It was agreed that in the meantime a standstill agreement will be made between Pakistan and Kalat by which Pakistan shall stand committed to all responsibilities and agreements signed by Kalat and the British government from 1839 to 1947 and by this Pakistan shall be legal constitutional and political successor of the British. (The British had only control over Quetta and some other areas). A few weeks later Kharan, Lasbela states and Marri, Bugti tribal areas were returned to the Kalat fold. The Kalat Government made formal independence declaration on August 15, 1947 and a delegation came down to Karachi to discuss the future relationship with Pakistan.

 

While Khan of Kalat seemed inclined to merge his state with Pakistan, the Baloch Sardars of his jirga were not inclined to do anything in haste without settling the provincial autonomy issues. The Khan was under considerable influence of Quaid-e-Azam and had promised to work out the merger details in three months, but as Quaid was sick this issue was handed over to his cabinet. They mishandled the whole issue and used the British tactics to place the Balochis against each other by carving out three states of Kalat – Kharan, Lasbella and Makran. This resulted in the first uprising against Pakistan in 1948. The unilateral decision to break the Kalat State by Pakistan was contrary to the earlier understanding that in case the relations of Kalat with any government got strained, Kalat will exercise its right of self-determination. (Some historians believe that this also led the Maharaja of Kashmir to merge with India).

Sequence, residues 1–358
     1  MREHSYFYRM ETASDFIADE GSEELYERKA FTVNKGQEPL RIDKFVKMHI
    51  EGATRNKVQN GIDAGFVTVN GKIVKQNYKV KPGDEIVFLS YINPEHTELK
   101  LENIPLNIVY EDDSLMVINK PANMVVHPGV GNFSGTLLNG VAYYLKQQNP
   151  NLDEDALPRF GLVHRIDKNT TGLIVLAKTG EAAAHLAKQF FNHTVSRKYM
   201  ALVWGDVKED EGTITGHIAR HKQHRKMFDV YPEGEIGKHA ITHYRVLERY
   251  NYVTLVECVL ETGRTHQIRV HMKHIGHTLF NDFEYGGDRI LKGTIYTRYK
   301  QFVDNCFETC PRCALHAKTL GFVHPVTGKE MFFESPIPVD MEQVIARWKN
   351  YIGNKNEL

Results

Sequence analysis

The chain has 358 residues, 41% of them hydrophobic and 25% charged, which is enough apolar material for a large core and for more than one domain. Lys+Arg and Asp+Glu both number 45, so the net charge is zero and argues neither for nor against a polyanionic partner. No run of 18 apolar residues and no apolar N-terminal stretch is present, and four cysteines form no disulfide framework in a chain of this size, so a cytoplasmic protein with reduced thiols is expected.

That was the beginning of the people of Balochistans revolt against the center. They have been to the hills many times since then, the last (before the present armed revolt) being the one against the dissolution of their elected government by Mr. Bhutto in 1972. It was just after a few days of the signing of constitution. Khair Baksh Marri had refused to sign it as it did not recognize the rights of the provinces over their economic resources.

 

Although the gas was found in Sui in 1952 the province was not given any share from its profits. The provinces right over 12.5% royalty on oil & gas was accepted as late as in 1995. And what does Balochistan get on the gas produced by it, which meets almost 21% energy needs of the country, is pittance. This royalty goes into the provincial kitty but not much trickles down to the people of the area who actually own this precious natural resource. Imagine how rich the Bugtis would have been if they were in the US, where people became billionaires when oil was found on their land. The government always tried to pacify Akbar Bugti by giving him some money through PPL, but in all fairness what he got and what the province got in the last 54 years was peanuts.